Over the past three decades, traditional venture capital has catalysed the growth of the internet, social media, and many of the Web2 giants. Even so, it is not without its setbacks, and this is what the Web3 model promises to address.
Challenges of traditional VC
Although the VC model has been successful, it is not without flaws. There is a lack of inclusivity, and decisions are made centralised. Investments in VC are also viewed by institutional investors as highly illiquid.
Inclusion is not a major characteristic of VC. In many cases, only wealthy, sophisticated investors are able to invest in this asset class since the capital involved is so high.
Investors must understand their investment’s risk-return profile. Therefore, venture capital may not be right for every retail investor. However, some segments of the retail investor community are difinitely sophisticated enough to invest in this asset class. Despite this, even sophisticated retail investors have difficulty becoming LPs of VC funds.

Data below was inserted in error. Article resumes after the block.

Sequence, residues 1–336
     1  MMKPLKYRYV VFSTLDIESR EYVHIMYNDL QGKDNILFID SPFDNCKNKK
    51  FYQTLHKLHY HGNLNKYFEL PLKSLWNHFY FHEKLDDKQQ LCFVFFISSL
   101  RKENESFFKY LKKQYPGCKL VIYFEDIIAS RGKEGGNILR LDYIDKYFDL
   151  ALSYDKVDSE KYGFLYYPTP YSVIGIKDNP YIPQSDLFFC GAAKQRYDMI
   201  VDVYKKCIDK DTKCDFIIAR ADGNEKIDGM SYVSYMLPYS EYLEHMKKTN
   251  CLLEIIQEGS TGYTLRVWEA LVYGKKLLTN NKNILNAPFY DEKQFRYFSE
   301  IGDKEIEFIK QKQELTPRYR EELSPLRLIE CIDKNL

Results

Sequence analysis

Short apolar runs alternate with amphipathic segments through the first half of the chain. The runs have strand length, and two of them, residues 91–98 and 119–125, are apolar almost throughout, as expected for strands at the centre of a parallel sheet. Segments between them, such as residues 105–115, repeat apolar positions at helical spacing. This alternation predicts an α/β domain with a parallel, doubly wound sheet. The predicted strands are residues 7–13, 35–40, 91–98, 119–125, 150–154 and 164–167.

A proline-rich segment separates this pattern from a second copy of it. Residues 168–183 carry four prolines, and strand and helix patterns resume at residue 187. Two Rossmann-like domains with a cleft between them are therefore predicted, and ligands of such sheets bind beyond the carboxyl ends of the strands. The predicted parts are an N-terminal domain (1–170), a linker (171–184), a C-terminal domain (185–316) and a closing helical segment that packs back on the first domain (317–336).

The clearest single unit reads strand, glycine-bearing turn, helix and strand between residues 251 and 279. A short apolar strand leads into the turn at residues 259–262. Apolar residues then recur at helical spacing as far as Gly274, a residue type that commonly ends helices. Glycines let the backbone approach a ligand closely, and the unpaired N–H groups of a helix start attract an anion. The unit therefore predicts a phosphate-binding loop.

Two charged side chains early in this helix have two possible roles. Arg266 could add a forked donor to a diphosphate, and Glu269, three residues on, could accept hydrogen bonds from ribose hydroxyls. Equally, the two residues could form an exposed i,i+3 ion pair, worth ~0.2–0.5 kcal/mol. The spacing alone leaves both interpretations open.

The reason for this is either that proven general partners are hard to reach for retail investors or that the minimum investment into these funds can be multiple million dollars.
As an LP, you have exclusive participation in investment decisions that are made by a small group of individuals who sit on the investment committee of the VC fund. As a result, investment decisions are highly centralised.
The lack of access to global capital often hampers not only investments but also the identification of hyperlocal opportunities. Having a centralised team can only provide so much in terms of sourcing of investment deals and deployment capabilities.
Other critical issues with traditional venture capital include its illiquidity. The capital invested in these funds is often locked up for years. Only when a portfolio company is acquired or goes public, do the LPs see their invested capital returned.